- was initially proposed by someONE, designed by someONE, its contruction was led by someONE, etc. There is always some above-zero (even if small) chance that you (me, anyone) will 1) "figure something out" first, and then 2) meet people who will make use of it later. Besides, even if mousetraps we'd create would vanish with us, - still, we could die content that we've done our part, and with a hope someone will still discover our work after our death and will make good use of it. History knows such examples, both in scientific and/or engineering/inventing fields of knowledge.
6. Off-grid survival, small communities present, "dacha" life, etc.
In Russia, there is no relatively widespread "business" of survivalism like there is in USA. Fine books like "Beyond collapse: surviving and rebuilding civilization from scratch" (by the way, this one is available for free in electronic form from the author's website) - in Russia there is nothing even remotely similar available for russian-speaking public. In the same time, though, yes, there is that russian "dacha" thing - lots of families have their own small houses and some land some few...few_dozens kilometers from the city the live in most of the time, and most of those have people growing all sorts of food for themselves. Just yesterday, i've been reading about some folks near Moscow growing watermelons and grapes on their dacha - if you'd know details about Moscow region climate just few decades ago, you'd say the same thing interviewer said: "WOW". Just one more sign of global warming to me, though. Anyhows, i guess your question is more about "what you think about all those people who prepare by getting some land, settling down there (at least part-time), learning to live off the land, etc".
My answer would probably surprise you. I think, all those folks - are misguided, and will eventually vanish (ok, let's be fair - they'll die). Lykov family (link above) - is one badly made attempt of this "i/my_family will go away and make everything we need ourselves" motto. Sure, modern "Lykovs" have diesels, and lots of good supplies, and - often - quite many good neighbours around. But what they lack - is systematic approach. They can't make/replace every last tool they need to go on. They can't address - in a tolerable manner, - every possible disaster which may head their way. They can't defend themselves against anything larger than a few bandits working together (exceptions exist, but as soon as we talk some artillery - are insignificant). It is silly to expect human conflict to cease as conditions worsen. Modern armed conflicts are just an extra confirmation of this. So you see, i reject this approach. To me, it is obvious that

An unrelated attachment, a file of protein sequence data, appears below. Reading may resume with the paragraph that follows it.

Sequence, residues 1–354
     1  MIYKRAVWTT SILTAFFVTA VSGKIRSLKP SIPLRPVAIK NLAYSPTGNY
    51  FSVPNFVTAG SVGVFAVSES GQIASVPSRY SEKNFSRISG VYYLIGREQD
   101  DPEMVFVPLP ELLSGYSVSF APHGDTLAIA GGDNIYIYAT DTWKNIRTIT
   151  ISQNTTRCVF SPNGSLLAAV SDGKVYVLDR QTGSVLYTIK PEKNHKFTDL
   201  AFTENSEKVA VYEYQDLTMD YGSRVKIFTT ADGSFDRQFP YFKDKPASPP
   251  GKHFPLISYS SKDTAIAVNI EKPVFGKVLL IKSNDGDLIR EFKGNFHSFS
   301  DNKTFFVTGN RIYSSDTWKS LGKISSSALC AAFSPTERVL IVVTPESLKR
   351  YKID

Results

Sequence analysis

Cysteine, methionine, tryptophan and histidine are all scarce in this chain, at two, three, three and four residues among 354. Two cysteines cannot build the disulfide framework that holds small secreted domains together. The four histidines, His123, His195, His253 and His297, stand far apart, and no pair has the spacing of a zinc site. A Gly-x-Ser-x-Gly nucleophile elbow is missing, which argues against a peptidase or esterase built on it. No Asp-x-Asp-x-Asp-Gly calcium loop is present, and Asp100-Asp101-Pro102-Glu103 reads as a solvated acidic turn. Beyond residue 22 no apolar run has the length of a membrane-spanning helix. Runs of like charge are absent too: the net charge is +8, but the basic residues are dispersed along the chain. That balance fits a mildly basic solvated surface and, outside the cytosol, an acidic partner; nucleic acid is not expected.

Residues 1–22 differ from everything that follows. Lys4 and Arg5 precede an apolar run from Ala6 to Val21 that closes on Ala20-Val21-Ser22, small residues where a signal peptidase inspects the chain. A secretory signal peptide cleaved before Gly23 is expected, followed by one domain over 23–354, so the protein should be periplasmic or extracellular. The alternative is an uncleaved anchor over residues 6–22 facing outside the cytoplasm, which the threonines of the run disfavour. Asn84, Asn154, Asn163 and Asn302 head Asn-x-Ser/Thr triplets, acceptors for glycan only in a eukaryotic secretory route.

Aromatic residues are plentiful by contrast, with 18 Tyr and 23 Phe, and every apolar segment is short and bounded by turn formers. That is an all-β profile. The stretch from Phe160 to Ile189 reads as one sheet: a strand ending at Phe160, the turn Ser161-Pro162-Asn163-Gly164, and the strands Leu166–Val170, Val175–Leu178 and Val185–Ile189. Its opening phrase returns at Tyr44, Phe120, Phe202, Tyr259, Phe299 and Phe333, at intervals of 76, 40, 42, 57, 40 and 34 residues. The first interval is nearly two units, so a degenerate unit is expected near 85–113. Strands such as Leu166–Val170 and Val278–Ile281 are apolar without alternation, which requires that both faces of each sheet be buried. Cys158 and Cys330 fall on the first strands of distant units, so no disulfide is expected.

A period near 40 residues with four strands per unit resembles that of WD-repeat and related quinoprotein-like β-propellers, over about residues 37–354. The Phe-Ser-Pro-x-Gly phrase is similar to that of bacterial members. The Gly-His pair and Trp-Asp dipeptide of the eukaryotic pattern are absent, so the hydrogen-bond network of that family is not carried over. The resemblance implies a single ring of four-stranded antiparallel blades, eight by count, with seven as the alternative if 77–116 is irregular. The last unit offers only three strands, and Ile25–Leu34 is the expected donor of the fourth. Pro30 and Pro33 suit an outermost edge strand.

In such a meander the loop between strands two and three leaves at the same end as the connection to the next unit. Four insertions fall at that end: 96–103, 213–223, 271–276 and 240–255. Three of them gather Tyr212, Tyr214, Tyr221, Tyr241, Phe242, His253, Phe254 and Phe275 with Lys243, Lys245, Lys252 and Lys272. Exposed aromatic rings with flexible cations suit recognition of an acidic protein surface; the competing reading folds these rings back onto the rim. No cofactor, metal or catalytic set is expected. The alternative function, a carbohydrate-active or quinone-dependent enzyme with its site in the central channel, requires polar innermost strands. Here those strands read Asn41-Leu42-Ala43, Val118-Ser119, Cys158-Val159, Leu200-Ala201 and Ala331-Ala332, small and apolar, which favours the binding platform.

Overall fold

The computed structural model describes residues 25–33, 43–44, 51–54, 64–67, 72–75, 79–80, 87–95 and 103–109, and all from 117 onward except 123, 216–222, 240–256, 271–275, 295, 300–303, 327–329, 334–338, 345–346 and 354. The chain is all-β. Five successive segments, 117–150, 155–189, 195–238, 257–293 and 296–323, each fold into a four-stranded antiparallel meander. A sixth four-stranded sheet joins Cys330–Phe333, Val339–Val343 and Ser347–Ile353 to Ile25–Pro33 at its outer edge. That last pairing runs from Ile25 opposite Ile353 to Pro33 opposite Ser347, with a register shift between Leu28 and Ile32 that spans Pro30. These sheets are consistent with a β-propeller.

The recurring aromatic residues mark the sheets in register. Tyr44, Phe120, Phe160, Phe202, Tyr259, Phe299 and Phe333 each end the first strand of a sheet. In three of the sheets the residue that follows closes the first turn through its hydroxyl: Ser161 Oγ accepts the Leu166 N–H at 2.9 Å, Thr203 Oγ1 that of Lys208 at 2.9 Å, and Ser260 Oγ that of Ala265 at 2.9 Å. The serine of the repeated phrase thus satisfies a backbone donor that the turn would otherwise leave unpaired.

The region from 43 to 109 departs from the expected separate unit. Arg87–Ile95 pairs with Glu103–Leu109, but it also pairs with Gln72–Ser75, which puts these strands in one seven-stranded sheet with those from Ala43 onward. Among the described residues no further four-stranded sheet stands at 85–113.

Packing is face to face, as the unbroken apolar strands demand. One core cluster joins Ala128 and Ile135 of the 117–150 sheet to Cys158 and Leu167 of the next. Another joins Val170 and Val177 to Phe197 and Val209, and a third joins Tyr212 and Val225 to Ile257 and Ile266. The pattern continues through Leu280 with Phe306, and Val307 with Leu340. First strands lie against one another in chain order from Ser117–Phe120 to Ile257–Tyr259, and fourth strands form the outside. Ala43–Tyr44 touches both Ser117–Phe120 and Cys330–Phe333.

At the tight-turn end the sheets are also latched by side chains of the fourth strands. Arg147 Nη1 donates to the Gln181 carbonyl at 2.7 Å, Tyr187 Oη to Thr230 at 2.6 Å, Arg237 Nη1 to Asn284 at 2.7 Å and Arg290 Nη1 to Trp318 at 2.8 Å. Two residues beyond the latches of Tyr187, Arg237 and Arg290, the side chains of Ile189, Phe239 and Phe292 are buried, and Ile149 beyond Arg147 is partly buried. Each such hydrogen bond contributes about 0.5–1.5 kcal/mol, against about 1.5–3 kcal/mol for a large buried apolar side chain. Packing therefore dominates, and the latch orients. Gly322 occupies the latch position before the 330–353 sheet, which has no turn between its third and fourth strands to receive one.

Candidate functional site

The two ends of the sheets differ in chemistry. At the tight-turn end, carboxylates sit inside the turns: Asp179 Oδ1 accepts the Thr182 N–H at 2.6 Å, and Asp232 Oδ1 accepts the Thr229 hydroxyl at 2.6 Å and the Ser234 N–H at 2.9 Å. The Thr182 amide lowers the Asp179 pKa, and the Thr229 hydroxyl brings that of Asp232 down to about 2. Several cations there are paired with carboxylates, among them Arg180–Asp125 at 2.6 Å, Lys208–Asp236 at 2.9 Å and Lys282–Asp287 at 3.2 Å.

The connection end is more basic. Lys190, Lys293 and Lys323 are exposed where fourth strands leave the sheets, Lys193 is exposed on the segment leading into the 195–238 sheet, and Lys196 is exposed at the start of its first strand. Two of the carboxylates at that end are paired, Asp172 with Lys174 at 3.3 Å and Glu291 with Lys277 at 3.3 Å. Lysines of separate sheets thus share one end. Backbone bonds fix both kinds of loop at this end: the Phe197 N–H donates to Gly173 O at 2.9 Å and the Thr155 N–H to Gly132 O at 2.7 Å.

- without sufficiently large-scale cooperation (i talk at least a society of dozens thousands souls),
- without rather detailed specialization (over 200 hundreds distinct specialties at least),
- without some form of sustainable and reliable information technology which does not depend on electronic media (sooner or later, large enough solar flare will wipe most of modern electronic equipment out, astrophysicists know that for a fact, it'd take at least few years to restore networks and databanks, and there will lots of information lost completely),
- without some smart and well implemented defensive measures, features and forces, -
no human society will have any significant chances to make it through the bottleneck with significant part of its culture and knowledge and its civilization remaining functional.
Yes, i know what quite a few folks in USA expect that "folks will hole down on their own, or with their family, or with family and as a part of their neighbourhood, and they will have enough resources to live through the worst of SHTF situation, and after that, those individuals and groups will naturally cooperate for mutual benefit, and new entities will emerge - local cities, states, etc". Personally, i disagree with that. I expect much bigger rampage of armed and dangerous people roaming around, taking what they want by force, and shooting those who "holed down" in droves. This period of "force rules" will last within most of "developed" countries for way more than a year or two, i think. When it'd be over, too few and too little (both humans and matherial items) will be left to "unite" and "form" new "cities" or "states". That's why for me, issues of defense and security are ahead of issues of piling up food and enforcing one's house. And, of course, one can only ensure defense and security when one is a part of a large enough force which operates in favorable enough conditions. If one of most fertile regions of Europe - Ukraine, - suffered several millions dead to starvation during much more favorable for agriculture climate than what we expect past 2050 (see http://en.wikipedia.org/wiki/Holodomor
) when merciless dictator (Stalin) came to power, - then i really do not expect most of those who now "learn to live off the land" to be able to enjoy the fruits of their own labor any much (if at all) after some point, except if they are well protected against external threats. Methods of protection vary, there are quite a few. The only reasonable case when few people can actually avoid being robbed of their posessions regularly (and likely, their very life at some point) - is being very remote from most humans alive. Small remote island, this sort of thing. But then, it's again Lykovs' fate - by isolation...
I plan accordingly. I see the future for people who understand values and efficiency of specialization, large-scale cooperation, efficient (professional) defense, effective internal (within the society) peacekeeping, and proper care and account for common goods. For the rest... I don't.